Colitis induced by Trichinella spiralis in rat induces alterations in the spontaneous motor pattern displayed by circular colonic muscle [Auli, M., Fernandez, E., 2005. Characterization of functional and morphological changes in a rat model of colitis induced by T. spiralis. Digestive Diseases and Sciences 50(8), 1432-1443]. We examined the temporal relationship between the severity of inflammation and the altered contractility of the underlying circular muscle as well as the role of NANC inhibitory pathways in the disruption of the motility pattern. Colitis was induced by intrarectal administration of T. spiralis larvae. Responses to acetylcholine (ACh) and increased extracellular potassium as well as the effect of tetrodotoxin (TTX, 1 μM), N-nitro-l-arginine (L-NOARG, 1 mM) and apamin (1 μM) were determined in vitro in the organ bath with circular muscle strips from sham-infected and infected rats at days 2-30 postinfection (PI). Microelectrode recordings were performed to study the putative changes in electrical activity of colonic smooth muscle cells. Responses to ACh and KCl were decreased at all days PI compared to sham. Intracellular calcium depletion had a greater inhibitory effect in inflamed tissue (6-14 PI). The effect of TTX, L-NOARG and apamin on the spontaneous contractions was found to be altered in all infected rats, i.e. their effects were transient and milder. Inflamed tissue showed lower resting membrane potential and a decreased duration of inhibitory junction potentials induced by electrical stimulation. These data suggest that the decreased contractility of colonic circular smooth muscle induced by the intrarectal T. spiralis infection results from the impairment of the excitation-contraction coupling, from a persistent hyperpolarization of smooth muscle cells and from impaired NANC inhibitory neurotransmission. © 2007 Elsevier Inc. All rights reserved.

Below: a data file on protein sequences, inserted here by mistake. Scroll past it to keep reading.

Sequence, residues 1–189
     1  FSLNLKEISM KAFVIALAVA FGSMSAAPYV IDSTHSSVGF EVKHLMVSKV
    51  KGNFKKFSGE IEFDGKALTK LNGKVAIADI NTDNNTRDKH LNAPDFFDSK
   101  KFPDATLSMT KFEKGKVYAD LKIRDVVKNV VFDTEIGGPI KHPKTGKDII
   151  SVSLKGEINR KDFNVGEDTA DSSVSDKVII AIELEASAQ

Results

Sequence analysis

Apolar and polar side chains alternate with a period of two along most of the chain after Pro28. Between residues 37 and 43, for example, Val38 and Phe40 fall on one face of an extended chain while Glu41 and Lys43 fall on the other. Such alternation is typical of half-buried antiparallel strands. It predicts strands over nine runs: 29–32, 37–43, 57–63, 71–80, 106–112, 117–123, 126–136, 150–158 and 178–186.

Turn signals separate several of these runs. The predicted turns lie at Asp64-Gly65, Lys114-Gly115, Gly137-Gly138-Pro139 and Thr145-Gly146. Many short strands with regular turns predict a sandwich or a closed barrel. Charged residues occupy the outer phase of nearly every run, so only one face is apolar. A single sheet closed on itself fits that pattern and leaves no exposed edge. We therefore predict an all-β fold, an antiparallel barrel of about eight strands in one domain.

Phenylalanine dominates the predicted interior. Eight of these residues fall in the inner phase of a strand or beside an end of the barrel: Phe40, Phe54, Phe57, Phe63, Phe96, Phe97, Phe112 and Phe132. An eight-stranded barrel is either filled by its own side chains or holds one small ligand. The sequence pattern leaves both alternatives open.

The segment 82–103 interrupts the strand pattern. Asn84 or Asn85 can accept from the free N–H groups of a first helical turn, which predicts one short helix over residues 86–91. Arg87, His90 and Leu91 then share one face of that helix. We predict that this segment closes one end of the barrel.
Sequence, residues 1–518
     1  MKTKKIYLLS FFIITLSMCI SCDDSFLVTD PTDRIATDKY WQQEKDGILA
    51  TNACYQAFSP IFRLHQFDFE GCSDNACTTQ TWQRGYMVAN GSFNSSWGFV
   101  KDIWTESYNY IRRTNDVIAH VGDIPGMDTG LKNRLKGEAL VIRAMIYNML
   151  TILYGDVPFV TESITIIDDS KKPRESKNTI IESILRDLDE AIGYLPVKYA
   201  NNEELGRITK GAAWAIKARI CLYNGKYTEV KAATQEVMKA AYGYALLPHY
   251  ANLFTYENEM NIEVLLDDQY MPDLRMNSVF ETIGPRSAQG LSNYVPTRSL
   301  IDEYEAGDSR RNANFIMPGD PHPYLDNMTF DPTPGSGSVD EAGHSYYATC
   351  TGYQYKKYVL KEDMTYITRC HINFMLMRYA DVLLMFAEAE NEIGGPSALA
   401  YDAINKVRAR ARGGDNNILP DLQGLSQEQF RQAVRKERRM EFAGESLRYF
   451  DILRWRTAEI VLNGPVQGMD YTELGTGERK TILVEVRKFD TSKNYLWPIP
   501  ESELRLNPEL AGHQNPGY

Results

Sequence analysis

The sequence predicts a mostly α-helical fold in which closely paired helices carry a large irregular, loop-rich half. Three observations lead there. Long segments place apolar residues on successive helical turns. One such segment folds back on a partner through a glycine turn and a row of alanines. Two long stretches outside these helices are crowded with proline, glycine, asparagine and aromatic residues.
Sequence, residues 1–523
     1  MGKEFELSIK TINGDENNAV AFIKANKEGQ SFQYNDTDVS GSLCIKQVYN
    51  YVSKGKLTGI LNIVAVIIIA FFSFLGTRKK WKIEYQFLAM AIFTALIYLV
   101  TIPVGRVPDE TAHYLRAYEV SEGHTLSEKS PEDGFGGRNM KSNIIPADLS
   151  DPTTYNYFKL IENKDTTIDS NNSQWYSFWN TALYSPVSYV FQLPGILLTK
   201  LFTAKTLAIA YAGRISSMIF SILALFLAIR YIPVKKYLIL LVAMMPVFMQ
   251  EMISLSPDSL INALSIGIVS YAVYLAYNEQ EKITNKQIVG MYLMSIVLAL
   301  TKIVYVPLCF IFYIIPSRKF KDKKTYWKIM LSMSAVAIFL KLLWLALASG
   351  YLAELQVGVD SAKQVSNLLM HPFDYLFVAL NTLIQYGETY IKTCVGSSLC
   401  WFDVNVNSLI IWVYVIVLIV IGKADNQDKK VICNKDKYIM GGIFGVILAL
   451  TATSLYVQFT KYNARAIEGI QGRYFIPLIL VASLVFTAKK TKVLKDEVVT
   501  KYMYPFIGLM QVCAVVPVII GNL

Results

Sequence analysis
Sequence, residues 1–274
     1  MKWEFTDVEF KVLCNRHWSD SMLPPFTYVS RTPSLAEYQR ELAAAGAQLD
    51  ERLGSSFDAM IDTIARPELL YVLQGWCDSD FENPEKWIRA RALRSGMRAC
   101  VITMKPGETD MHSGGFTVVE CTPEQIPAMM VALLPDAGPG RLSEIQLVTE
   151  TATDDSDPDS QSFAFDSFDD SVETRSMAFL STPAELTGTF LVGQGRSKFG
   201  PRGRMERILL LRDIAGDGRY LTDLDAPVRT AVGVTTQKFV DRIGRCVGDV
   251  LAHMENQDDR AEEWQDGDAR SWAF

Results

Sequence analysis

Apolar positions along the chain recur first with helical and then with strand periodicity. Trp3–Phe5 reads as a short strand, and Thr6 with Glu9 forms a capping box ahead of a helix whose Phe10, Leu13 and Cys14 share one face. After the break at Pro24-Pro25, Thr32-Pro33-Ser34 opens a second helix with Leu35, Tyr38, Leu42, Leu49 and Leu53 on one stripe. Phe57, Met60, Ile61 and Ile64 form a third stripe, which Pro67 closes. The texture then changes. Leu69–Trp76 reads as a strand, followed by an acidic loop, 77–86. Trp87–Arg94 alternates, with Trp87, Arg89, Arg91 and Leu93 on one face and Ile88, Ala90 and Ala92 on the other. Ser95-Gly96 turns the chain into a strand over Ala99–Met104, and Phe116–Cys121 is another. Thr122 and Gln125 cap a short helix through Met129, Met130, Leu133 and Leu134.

|Publication status||Published - 15 Sep 2007|